HomeAnalysisSanctions: EU, US and post-Mugabe Zim

Sanctions: EU, US and post-Mugabe Zim

Derek Matyszak

THE government of Zimbabwe blames the country’s steep economic decline in the decades after 2000, on sanctions imposed on Zimbabwe, particularly those of the European Union (EU) and United States (US).

The government has framed these measures as an international trade embargo against Zimbabwe and, because they do not have the imprimatur of the United Nations Security Council, maintain that they are illegal.

The measures imposed by the US, EU and other western countries, are neither a trade embargo against Zimbabwe nor purport to bind all countries of the United Nations.

The legality of the measures imposed by the EU was upheld in two legal suits brought before the General Court of the Court of Justice of the European Union.
The cases were reported as (former Prosecutor-General Johannes) Tomana and Others v The Council of the European Union and European Commission Case C 330/15 P and Aguy Georgias and Others v The Council of the European Union and European Commission Case T 168/12. Significantly, the applicants in both cases were only the targeted individuals affected by the measures. The Government of Zimbabwe was not a party to either suit.

In the Tomana case the applicant was Johannes Tomana (then the Attorney-General) and 120 other individuals on the EU sanctions list. Despite this, the suit was conducted under the auspices of the Attorney-General, leading to the suspicion that legal costs, reported to be “millions of dollars” were met by Zimbabwean taxpayers.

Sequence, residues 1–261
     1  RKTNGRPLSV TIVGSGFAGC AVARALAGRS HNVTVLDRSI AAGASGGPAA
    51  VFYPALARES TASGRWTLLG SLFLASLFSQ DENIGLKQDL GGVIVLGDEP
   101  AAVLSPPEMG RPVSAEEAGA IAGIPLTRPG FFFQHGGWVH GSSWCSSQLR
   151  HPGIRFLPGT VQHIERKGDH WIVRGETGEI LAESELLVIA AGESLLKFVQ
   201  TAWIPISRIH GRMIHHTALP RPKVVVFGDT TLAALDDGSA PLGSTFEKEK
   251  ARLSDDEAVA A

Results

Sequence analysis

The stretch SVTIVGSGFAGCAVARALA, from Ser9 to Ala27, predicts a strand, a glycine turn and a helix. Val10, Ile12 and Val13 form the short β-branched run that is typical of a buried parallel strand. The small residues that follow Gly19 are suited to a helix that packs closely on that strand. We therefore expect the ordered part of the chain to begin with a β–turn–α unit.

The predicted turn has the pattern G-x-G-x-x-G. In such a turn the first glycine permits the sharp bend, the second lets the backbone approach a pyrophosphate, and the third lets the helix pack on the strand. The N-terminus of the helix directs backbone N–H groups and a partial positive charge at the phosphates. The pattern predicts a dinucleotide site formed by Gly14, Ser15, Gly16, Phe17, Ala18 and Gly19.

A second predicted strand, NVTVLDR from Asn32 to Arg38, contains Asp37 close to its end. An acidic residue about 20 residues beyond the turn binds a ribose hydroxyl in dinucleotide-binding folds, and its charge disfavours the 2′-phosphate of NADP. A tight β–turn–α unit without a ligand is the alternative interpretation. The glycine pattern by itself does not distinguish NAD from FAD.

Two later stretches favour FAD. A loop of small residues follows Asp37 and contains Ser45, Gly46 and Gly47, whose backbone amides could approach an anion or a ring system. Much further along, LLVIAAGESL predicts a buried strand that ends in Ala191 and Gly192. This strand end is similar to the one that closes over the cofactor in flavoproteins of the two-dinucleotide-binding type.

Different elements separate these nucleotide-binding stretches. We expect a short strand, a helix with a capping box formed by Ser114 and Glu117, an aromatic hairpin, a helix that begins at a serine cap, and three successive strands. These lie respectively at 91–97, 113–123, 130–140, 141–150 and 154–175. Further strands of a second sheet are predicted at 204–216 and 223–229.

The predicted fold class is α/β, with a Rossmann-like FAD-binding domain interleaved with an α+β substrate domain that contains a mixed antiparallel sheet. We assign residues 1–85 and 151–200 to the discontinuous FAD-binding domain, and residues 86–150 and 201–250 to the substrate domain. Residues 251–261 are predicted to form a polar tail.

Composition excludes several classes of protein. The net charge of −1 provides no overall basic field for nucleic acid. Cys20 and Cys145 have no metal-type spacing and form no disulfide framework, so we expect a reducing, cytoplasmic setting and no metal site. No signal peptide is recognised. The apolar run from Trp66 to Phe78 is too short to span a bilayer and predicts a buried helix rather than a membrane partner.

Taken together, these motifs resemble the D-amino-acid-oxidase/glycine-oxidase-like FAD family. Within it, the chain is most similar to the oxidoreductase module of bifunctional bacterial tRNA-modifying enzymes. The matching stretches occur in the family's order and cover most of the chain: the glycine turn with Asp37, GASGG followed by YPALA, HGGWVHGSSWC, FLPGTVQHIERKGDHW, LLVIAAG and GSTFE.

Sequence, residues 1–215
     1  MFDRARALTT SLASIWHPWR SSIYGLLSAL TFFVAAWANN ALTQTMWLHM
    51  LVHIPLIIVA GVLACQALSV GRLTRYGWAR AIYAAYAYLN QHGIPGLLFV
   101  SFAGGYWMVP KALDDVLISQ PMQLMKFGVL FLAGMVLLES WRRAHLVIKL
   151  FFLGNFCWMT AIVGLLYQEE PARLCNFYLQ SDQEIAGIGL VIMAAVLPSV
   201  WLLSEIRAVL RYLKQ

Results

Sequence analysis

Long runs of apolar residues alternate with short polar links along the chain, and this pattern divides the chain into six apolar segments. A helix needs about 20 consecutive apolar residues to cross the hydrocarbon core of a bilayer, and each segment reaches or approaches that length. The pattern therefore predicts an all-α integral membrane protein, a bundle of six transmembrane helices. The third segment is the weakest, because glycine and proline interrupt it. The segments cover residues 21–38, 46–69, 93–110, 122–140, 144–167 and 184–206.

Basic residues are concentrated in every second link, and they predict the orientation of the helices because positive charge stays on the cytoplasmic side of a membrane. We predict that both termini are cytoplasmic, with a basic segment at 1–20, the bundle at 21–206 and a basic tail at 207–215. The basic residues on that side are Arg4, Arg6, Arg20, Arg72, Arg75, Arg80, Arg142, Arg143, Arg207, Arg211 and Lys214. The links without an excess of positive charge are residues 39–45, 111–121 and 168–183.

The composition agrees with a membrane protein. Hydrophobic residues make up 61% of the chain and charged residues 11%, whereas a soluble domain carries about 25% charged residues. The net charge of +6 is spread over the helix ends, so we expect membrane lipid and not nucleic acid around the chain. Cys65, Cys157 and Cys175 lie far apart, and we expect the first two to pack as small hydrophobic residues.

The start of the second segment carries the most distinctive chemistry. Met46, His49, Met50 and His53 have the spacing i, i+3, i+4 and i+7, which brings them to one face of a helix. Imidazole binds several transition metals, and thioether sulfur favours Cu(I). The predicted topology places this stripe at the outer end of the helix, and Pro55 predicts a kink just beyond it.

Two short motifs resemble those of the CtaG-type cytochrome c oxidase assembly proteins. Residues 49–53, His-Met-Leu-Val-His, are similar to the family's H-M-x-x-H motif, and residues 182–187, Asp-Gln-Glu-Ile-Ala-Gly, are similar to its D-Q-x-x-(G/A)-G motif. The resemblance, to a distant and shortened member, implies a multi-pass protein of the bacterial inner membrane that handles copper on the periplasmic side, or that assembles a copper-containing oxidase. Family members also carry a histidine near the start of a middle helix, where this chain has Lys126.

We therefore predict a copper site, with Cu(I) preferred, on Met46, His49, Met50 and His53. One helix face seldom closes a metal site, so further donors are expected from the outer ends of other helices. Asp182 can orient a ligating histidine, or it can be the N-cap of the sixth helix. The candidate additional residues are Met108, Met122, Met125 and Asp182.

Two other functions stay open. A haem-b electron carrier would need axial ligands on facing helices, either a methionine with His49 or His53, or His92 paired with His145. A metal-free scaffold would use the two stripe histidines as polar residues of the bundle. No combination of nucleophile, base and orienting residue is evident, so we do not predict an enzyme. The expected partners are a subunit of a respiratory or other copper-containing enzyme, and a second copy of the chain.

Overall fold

The Sunday Mail suggested that the costs, which included the engagement of two local lawyers and top council from the United Kingdom, were paid by “friends of Zimbabwe inside and outside the country”. When reporting on the proceedings, state media incorrectly stated that Tomana had brought the suit on behalf of the Government of Zimbabwe.

In August, 2019 the Sadc summit in Tanzania declared October 25 as the day on which “Sadc member states can collectively voice their disapproval of the sanctions (on Zimbabwe) through various activities and platforms until the sanctions are lifted.”

What, then, are the “sanctions” imposed by the EU and US and will lifting them significantly improve Zimbabwe’s economy?The European Union
In January 2002, the EU Council, reviewing consultations taking place under article 96 of the Cotonou Agreement, expressed its serious concern about the situation in Zimbabwe, noting the escalation of violence, intimidation of political opponents and the harassment of the independent press.

It specifically warned that appropriate measures would be taken if there was any interference with the EU Election Observer Mission for the March 11, 2002 presidential election in Zimbabwe. In mid-February, the government of Zimbabwe effectively expelled the head of the EU Mission, Pierre Schori, after “taking exception” to his “political utterances” and “political arrogance”.

The EU Council responded two days later, withdrawing the remaining EU election observers from Zimbabwe and, on March, adopting two Common Positions on Zimbabwe under Council Decisions 2002/145/CFSP and EC/148/2002, both binding on EU Treaty state parties.